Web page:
Food Drive Competition benefits the Manna House in loads
Who said a little friendly competition didn't benefit anyone?
Dodge City Middle School and Comanche Middle School engaged each other as they participated in a Food Drive Competition from Dec. 1-16, with all proceeds going to the Manna House in Dodge City.
DCMS students and staff collected 3,325 food items, while CMS collected 3,746 food items, collectively a grand total of 7,071.
“We have never seen a food drive like that ever, never,” said Steve Tabor, who currently operates the day-to-day operations at the Manna House. “This was just beyond my expectations with what we received.”
Tabor has been overseeing the Manna House since the death of former director Michael Hoar in late November. Tabor was the previous director of the Manna House from 2014 to 2019 before Hoar and was asked to supervise operations until a permanent director can be found.
“Mike would have been just as touched as I am, probably even more because we knew how hard it was to raise funds and food to give out to people,” Tabor said. “If people do not know there’s a need then they don’t give, but if they know there’s a need, then maybe they’ll open up their hearts and their wallets and give. It’s one of those things you have to go out and tell people that there is a need.”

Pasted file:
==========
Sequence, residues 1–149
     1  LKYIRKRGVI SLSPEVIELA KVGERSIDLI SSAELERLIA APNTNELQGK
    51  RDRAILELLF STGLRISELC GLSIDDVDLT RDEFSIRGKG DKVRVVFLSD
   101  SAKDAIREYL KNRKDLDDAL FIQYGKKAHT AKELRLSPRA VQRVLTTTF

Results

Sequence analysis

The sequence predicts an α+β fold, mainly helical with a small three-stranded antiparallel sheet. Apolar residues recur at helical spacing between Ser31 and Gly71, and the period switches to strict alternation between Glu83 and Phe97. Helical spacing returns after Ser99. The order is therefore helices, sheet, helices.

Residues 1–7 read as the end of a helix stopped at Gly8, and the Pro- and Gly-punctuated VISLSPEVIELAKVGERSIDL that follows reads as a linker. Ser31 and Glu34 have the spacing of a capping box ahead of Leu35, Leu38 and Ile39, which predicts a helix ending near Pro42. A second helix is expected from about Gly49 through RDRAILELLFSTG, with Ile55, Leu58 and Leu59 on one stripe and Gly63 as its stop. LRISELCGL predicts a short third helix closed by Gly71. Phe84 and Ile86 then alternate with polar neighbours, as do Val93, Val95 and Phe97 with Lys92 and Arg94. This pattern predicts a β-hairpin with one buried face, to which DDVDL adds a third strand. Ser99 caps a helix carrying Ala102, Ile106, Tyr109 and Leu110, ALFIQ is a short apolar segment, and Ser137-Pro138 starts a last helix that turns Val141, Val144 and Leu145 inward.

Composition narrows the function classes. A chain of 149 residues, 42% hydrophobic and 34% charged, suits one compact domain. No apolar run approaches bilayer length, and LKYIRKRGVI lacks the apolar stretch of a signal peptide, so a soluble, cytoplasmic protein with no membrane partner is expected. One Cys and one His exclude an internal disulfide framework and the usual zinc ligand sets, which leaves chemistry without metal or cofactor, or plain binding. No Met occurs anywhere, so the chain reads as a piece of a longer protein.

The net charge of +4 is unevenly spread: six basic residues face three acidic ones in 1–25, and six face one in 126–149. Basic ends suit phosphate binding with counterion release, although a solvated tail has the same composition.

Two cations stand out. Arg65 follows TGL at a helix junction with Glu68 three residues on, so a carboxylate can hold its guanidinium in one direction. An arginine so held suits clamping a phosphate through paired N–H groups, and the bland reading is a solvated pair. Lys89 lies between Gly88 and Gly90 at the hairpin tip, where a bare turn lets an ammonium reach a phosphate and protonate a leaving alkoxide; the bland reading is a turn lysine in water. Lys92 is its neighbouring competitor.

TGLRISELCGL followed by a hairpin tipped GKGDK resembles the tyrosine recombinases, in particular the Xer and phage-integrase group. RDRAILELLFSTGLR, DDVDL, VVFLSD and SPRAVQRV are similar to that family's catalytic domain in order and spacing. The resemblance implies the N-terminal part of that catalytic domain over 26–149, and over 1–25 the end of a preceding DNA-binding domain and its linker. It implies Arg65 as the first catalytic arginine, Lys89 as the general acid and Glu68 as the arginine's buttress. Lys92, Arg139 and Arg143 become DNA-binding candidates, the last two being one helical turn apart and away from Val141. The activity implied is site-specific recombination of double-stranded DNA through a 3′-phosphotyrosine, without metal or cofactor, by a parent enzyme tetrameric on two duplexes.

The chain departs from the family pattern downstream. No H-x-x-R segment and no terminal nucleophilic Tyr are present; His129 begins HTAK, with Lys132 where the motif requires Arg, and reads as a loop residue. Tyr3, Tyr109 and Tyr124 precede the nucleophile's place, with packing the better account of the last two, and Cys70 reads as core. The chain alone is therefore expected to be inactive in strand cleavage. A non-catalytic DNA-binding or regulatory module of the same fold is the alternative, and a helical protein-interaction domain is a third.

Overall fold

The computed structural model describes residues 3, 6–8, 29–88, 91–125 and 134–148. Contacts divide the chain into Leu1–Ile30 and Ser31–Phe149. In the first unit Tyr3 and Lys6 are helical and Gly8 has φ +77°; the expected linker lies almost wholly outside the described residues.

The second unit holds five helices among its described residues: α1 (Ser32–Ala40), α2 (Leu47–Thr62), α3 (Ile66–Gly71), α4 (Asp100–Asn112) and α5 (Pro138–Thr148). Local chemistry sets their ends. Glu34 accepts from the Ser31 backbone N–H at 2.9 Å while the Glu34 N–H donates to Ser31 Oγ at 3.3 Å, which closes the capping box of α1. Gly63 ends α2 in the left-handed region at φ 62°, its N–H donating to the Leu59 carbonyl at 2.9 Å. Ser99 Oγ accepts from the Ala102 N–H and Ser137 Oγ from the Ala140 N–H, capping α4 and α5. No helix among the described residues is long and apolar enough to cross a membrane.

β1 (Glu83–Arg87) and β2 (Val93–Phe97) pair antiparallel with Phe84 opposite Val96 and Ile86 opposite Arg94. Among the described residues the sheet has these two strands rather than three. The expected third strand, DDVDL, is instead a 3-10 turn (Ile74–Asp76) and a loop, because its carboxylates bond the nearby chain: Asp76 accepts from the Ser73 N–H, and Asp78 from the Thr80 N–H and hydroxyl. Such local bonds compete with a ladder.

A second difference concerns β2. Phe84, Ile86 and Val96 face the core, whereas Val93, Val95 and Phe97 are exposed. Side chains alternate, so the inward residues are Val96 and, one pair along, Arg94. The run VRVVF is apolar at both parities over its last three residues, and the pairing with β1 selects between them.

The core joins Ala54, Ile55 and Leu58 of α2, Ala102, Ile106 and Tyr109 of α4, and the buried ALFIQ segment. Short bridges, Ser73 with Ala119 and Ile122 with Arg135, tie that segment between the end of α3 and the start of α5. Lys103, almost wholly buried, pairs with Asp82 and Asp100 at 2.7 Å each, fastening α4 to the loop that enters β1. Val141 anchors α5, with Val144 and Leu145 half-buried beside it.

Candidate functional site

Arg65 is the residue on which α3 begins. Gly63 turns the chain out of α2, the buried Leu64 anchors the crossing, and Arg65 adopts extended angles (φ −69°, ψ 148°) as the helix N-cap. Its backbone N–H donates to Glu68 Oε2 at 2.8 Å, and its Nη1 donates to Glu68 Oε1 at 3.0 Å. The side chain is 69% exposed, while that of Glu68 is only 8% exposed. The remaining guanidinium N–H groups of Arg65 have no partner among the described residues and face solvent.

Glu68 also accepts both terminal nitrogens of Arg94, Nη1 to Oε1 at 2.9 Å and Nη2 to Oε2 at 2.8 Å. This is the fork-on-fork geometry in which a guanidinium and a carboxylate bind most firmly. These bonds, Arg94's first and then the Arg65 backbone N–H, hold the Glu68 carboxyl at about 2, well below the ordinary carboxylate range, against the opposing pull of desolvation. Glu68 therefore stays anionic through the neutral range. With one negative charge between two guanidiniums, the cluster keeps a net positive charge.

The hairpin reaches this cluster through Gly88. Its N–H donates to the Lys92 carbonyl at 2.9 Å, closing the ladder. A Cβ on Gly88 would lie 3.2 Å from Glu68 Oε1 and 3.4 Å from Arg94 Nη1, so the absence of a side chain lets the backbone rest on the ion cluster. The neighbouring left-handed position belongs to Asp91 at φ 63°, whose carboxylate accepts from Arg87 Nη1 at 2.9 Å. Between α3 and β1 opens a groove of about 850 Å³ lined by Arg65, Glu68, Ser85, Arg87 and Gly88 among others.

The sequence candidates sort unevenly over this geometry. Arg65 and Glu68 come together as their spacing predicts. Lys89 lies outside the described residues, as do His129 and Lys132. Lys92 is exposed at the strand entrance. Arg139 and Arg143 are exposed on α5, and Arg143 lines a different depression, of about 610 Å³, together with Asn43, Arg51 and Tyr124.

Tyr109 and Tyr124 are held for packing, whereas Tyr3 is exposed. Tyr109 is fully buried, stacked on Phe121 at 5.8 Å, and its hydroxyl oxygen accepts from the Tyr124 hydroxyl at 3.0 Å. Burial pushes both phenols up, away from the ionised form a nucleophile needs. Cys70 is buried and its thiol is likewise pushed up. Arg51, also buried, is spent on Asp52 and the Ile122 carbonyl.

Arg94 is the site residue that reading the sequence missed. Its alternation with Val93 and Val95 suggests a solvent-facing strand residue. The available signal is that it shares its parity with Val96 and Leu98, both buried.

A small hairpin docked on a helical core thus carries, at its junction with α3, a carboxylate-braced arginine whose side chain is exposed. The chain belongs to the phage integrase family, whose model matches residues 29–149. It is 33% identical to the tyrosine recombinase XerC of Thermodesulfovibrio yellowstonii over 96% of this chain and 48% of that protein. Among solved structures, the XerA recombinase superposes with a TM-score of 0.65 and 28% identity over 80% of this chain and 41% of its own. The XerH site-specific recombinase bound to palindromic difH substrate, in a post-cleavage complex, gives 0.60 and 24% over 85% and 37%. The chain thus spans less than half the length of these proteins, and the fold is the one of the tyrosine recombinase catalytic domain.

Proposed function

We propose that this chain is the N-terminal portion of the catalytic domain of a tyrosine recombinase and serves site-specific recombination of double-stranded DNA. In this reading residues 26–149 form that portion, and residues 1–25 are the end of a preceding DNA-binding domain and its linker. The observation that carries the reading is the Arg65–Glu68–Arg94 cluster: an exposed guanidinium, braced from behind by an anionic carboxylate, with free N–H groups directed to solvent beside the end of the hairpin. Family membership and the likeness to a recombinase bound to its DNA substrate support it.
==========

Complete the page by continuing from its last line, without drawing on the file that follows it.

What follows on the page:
“We dedicated the food drive to Mike and had a trophy made in honor of his work for our community," DCMS teacher and STUCO sponsor Danna Pogue said.
Pogue, along with CMS teacher and STUCO sponsor Grace Wright, were the organizers of the Food Drive Competition.
Since they were the winning school, Comanche Middle School will keep the trophy until the next food drive.
In the past, both schools had done their own individual STUCO food drives and donated to the Manna House, but due to the affect COVID-19 has had on steady employment for many, they decided to come together on a unified front.
Tabor said that because of COVID-19, the Manna House has been able to give more, as they have been constantly receiving food donations and cash donations to buy more food to provide to people who need it.
He said he was still surprised at how much DCMS and CMS were able to raise.
The food was brought to the Manna House via one trailer from each school, and Tabor said he was shocked as STUCO students, maintenance people and Manna House volunteers unloaded crate after crate to the point they were filling the hallway and dorm rooms.
“We put it wherever we could, we could use it all and I can give a lot more food to people that need it,” said Tabor. “This has been a great food drive, we hardly had to throw anything away, that’s a good thing about it.
“Without this community support, we wouldn’t have been able to do this, and a great big shout out to those kids.”